Ongoing programs focused on prevention and screening of hepatitis are important to reduce the number of new HCC cases.17,18,19 However, there remains an urgent need for research that will provide more effective treatment options for patients with HCC than what is available today.24

Treating HCC

Screening for HCC is challenging.25 While early detection is the goal, most signs and symptoms appear when HCC is at an advanced stage, and early-stage tumours are often difficult to detect in a physical exam.25 As such, most patients are diagnosed at later stages of the disease when treatment options are limited.25

HCC is staged according to the Barcelona Clinic Liver Cancer (BCLC) system, with the disease stage determining what options are available to patients:26

Treatment for early stage (Stage 0 to A) disease and intermediate stage (Stage B) disease may involve:27,28

  • Surgery to remove the tumour.

  • Liver transplant may be a curative treatment for some patients with early stages of disease.

  • Thermal ablation (also referred to as radiofrequency ablation or microwave therapy) uses heat to destroy cancer cells in patients in the earliest stages of disease.

  • Transarterial chemoembolisation, or TACE is used to treat early- and intermediate-stage tumours that cannot be treated with surgery or thermal ablation. During the procedure, physicians deliver chemotherapy directly into the artery, which is then blocked to increase the tumour’s exposure to the medication.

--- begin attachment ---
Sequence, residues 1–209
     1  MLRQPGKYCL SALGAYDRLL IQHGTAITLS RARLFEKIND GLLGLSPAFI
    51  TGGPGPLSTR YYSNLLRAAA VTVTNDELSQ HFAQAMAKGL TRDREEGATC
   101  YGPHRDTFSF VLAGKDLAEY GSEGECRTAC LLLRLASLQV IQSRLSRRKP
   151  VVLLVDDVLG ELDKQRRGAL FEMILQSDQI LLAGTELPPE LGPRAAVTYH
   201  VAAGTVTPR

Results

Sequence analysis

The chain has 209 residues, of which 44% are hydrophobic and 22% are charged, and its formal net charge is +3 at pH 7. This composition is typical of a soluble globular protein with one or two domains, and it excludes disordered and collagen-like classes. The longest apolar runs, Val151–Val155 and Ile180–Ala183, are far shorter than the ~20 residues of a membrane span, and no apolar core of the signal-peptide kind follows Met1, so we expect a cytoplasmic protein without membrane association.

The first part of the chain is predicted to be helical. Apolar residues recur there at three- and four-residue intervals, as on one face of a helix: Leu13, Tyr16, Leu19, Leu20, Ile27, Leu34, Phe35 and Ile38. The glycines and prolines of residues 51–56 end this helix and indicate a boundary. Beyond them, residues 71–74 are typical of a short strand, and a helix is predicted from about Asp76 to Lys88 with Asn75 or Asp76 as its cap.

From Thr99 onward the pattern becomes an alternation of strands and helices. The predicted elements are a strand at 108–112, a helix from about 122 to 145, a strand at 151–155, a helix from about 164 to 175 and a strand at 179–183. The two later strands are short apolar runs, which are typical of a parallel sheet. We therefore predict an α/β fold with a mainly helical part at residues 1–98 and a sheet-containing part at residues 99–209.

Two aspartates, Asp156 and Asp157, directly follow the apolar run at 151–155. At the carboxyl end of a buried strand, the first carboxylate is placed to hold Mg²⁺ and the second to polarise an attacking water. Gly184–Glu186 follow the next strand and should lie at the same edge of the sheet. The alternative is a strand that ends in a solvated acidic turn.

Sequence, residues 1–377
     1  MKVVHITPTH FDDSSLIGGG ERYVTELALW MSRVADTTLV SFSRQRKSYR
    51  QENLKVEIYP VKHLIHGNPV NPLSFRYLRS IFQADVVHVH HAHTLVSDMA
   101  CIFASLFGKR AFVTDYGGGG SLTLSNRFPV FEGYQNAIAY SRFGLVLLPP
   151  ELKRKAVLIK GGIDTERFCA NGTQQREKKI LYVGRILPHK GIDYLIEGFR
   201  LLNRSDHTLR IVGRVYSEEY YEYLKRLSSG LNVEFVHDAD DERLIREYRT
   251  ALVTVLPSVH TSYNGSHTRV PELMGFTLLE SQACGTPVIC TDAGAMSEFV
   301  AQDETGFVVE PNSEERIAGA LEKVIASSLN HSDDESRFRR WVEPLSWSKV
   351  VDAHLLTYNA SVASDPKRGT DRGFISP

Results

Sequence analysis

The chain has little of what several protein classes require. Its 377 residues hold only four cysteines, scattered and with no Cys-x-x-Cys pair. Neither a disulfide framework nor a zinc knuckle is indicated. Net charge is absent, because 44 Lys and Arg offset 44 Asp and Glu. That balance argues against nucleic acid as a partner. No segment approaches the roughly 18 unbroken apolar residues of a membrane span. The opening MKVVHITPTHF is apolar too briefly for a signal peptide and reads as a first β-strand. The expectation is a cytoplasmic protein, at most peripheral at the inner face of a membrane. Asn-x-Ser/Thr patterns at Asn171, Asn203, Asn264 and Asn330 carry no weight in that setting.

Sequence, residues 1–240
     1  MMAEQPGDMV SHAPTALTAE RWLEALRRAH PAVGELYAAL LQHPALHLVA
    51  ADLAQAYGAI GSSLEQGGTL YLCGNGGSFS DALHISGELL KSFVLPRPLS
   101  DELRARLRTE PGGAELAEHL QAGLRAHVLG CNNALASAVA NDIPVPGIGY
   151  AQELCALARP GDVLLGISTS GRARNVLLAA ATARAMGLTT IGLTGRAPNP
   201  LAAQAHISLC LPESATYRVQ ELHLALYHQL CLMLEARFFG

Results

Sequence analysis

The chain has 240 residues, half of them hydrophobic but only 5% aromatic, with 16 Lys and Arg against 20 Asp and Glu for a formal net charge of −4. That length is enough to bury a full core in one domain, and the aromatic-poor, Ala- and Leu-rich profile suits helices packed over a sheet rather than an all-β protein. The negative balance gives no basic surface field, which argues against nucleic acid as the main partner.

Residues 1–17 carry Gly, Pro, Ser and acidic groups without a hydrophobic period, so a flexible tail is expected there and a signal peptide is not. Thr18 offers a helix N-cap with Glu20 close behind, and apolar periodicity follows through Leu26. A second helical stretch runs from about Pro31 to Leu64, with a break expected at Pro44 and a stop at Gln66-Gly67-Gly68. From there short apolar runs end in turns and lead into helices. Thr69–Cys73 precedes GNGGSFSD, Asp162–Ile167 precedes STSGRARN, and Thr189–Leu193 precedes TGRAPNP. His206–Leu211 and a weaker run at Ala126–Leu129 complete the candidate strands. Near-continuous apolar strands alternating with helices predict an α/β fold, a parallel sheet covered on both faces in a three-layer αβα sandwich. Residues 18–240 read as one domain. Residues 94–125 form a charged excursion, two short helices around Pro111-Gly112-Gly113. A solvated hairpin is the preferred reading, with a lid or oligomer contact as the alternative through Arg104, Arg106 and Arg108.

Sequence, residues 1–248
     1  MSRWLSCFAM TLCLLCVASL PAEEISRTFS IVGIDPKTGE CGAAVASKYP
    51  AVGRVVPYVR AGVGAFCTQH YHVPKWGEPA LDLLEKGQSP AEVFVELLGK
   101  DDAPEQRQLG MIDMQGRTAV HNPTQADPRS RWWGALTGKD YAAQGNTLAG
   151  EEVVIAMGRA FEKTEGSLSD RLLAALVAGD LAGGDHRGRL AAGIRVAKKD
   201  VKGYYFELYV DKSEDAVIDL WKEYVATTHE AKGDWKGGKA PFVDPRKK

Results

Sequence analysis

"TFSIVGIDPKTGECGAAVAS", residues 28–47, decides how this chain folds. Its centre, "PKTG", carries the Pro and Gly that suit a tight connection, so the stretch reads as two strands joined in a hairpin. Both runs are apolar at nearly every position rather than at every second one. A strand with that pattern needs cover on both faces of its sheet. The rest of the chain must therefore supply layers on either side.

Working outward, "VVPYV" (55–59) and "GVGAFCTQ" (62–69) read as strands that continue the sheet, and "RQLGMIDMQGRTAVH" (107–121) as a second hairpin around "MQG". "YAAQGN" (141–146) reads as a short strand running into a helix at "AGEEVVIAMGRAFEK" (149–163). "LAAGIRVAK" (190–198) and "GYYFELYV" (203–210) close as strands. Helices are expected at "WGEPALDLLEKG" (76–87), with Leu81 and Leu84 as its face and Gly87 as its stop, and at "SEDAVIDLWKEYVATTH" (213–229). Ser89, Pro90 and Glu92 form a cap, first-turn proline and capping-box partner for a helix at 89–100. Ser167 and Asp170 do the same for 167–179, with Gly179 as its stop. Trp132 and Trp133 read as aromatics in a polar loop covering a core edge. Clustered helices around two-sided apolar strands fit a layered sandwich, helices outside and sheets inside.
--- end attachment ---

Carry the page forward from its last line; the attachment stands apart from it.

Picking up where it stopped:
Treatment for intermediate stage (Stage B) and advanced stage (Stage C) disease may involve:29

  • Systemic therapy is used in Stage B patients who are ineligible for other treatments or progressed on other therapies, as well as Stage C patients. There is a critical unmet medical need for new treatments that can treat patients with advanced stages of HCC. Ongoing research has revealed Immuno-Oncology therapies show promise in this challenging setting.

Our approach

Pioneering new research has deepened our understanding of the processes leading to the immunosuppression involved in liver cancer.13 Mounting evidence has shown that reversing immunosuppression may restore the ability of immune cells to attack and remove cancer cells, potentially slowing growth of or shrinking tumours.30

Treatment that reverses immunosuppression is called immunotherapy, and there are now multiple immunotherapies that may lead to anti-tumour activity.30,31 Our goal is to explore immunotherapy combinations for overcoming the drivers of immunosuppression involved in liver cancer, and with the aim of transforming survival for patients with liver cancer.

These efforts continue to build on the practice-changing results of our diverse, Immuno-Oncology clinical programme in multiple, solid tumours, and we remain committed to harnessing the versatile power of immunotherapy and immunotherapy combinations to redefine cancer care.

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Veeva ID: Z4-42953
Date of prep: May 2022